If you are playing in 安楽モード (Comfortable Mode), you won't have to worry about these three meters. There are other options to adjust the difficulty of the game before you start, like giving yourself an all-you-can-ride pass, or only having to ride national lines to hit your goal. You can make the game as challenging or leisurely as you please.

Stationmaster's office in Rumoi with a gray-haired man with glasses. On the right is a menu of player actions such as paying off your accumulated fares, getting the station stamp and ticket stub, and taking a photo.

You will eventually need to stop by the stationmaster's office and pay off your outstanding fares, so be sure to budget appropriately.

When speaking with developer Tempoku about their inspiration for this game, they said that it was based on their own experiences traveling around Hokkaido. I also asked why the game was set in 1967 instead of modern times. They told me that the current railway lines in Hokkaido is just under 2,400 kilometers, but in 1967, Hokkaido had a network of 4,500 kilometers. Their goal with this game was to create a virtual experience where players could tour Hokkaido's rail lines when they were at their peak.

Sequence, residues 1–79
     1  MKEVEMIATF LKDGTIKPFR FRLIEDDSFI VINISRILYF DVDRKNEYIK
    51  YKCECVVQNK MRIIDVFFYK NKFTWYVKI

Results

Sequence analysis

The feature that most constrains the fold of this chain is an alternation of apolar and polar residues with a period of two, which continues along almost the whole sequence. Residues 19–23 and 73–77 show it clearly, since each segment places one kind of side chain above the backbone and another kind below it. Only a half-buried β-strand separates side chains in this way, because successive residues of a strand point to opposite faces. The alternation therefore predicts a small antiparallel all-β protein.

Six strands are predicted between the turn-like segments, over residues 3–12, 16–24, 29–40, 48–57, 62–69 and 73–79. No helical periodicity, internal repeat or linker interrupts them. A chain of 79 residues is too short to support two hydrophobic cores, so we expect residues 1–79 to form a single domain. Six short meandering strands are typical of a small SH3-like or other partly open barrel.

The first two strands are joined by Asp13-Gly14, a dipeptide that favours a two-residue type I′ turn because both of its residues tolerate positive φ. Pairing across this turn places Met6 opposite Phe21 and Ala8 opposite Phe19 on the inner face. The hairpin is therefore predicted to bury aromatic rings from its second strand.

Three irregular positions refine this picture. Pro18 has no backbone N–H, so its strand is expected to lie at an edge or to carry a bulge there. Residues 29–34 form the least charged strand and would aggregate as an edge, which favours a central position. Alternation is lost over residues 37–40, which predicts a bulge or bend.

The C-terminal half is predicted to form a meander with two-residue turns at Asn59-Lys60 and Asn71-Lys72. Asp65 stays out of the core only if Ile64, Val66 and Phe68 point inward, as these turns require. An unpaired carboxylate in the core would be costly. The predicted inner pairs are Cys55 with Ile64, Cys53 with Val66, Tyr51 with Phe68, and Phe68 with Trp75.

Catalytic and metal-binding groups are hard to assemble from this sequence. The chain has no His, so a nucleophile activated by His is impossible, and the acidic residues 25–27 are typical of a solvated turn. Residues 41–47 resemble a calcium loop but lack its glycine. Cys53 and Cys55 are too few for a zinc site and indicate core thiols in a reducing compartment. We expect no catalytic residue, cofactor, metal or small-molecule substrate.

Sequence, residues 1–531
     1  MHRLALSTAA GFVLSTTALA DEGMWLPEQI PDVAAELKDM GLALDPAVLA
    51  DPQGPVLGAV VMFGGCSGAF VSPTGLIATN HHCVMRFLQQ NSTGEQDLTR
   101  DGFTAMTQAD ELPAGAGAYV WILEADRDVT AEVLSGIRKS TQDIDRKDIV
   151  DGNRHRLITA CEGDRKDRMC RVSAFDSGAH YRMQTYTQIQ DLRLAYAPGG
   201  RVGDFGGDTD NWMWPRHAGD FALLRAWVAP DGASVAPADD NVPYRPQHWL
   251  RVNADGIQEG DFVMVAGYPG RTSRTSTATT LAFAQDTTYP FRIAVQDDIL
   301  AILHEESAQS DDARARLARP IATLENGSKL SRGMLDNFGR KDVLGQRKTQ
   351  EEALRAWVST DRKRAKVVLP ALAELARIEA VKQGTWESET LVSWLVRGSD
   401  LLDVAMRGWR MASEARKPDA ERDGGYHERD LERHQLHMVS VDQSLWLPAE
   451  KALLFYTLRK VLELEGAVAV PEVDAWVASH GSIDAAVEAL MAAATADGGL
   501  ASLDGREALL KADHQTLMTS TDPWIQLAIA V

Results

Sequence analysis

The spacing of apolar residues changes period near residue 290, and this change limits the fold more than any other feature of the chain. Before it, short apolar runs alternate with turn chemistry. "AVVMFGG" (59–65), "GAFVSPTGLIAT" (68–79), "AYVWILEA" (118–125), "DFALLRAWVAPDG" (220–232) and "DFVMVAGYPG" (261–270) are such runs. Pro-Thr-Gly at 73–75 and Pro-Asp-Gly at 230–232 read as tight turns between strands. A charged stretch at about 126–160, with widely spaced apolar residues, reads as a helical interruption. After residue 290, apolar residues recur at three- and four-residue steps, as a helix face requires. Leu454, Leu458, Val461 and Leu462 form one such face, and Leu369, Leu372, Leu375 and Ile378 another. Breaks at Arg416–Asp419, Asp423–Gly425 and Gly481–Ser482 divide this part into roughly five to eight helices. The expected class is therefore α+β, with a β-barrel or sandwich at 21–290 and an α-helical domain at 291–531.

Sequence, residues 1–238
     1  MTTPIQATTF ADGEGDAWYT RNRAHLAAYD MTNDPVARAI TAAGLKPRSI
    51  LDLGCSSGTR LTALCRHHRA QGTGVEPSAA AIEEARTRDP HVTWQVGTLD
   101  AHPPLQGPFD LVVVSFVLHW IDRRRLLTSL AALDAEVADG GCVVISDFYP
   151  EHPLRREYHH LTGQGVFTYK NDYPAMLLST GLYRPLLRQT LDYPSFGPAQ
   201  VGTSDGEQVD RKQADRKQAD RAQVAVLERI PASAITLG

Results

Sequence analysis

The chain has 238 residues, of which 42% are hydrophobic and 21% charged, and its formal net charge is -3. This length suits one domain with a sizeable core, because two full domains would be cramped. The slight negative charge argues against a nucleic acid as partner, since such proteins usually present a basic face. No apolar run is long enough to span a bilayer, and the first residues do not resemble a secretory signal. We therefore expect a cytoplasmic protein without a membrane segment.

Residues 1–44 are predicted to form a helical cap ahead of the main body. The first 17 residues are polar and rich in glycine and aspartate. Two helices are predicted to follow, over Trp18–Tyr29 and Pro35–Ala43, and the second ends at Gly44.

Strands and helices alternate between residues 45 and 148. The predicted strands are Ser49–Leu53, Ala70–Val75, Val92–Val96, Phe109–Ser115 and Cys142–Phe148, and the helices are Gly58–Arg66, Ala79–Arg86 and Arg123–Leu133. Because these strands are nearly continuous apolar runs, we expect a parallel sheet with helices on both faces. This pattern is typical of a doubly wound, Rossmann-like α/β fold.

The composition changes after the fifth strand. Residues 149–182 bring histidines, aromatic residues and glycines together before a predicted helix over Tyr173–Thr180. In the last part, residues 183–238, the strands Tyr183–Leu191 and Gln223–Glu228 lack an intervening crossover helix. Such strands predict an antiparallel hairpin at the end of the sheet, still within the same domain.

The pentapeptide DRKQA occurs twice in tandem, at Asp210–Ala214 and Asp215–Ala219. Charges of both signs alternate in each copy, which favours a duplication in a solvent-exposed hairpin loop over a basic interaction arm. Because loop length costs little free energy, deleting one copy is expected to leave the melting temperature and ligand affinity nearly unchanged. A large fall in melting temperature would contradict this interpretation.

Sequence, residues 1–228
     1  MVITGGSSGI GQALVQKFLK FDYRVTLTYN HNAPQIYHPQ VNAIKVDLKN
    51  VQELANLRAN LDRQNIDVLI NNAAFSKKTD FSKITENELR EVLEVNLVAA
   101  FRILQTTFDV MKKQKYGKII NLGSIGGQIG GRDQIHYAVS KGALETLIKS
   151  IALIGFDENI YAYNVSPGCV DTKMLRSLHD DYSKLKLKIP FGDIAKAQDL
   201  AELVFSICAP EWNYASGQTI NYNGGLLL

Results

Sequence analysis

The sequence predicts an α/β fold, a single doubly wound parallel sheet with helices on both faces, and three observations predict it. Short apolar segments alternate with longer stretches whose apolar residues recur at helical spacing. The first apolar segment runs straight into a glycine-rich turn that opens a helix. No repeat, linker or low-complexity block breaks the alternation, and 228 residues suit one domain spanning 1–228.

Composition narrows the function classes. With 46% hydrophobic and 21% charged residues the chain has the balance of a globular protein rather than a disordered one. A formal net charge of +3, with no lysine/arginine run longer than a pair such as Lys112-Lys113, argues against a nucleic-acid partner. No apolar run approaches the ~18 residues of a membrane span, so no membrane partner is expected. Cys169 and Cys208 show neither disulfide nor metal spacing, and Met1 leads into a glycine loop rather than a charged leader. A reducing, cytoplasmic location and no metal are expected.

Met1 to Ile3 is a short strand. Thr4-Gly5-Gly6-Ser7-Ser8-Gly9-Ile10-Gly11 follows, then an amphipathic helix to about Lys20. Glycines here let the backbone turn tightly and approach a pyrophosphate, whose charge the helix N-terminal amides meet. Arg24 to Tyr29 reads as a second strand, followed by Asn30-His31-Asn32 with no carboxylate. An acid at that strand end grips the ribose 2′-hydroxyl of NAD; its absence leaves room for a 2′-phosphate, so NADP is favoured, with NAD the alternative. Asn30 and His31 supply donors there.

Station shop selling bento, different kinds of soba, ekiben, and a jug of green tea.

You can eat at restaurants to sate your hunger, or buy ekiben or snacks to take with you and eat on the train.

This is also not Tempoku's first game about Hokkaido's train lines. 新・北海道4,000km (New Hokkaido 4,000km) is similar to Hokkaido 4,500km, except this time set in 1983. And 札幌駅1980 (Sapporo Station 1980) is a game about managing Sapporo Station in 1980. Tempoku also has an assortment of DVDs with footage taken aboard Hokkaido's trains. It should go without saying that Hokkaido 4,500km is the work of a deeply devoted train fan, and their love for Hokkaido's trains is infectious!

A red vending machine from the 1960s with Drink Cola on it in cursive. To the right is a menu of Cola and orange juice, both in retro-styled bottles.

Just like in real life, you'll need to kill some time before your train arrives. How about a nice drink while you wait?

I really enjoyed my time playing Hokkaido 4,500km. My favorite way to play it is to turn down the difficulty and take in all the sights at my leisure. If you are interested in min-maxing your trip, please know that there is a thriving speedrunning community that you may want to join! Don't you just want to cast it all away and spend your summer hopping trains across Hokkaido?

Hokkaido 4,500km is available digitally from Vector and on physical DVD with accompany booklet from Booth. Find more works by Tempoku on their homepage. And you can watch us play Hokkaido 4,500km on stream!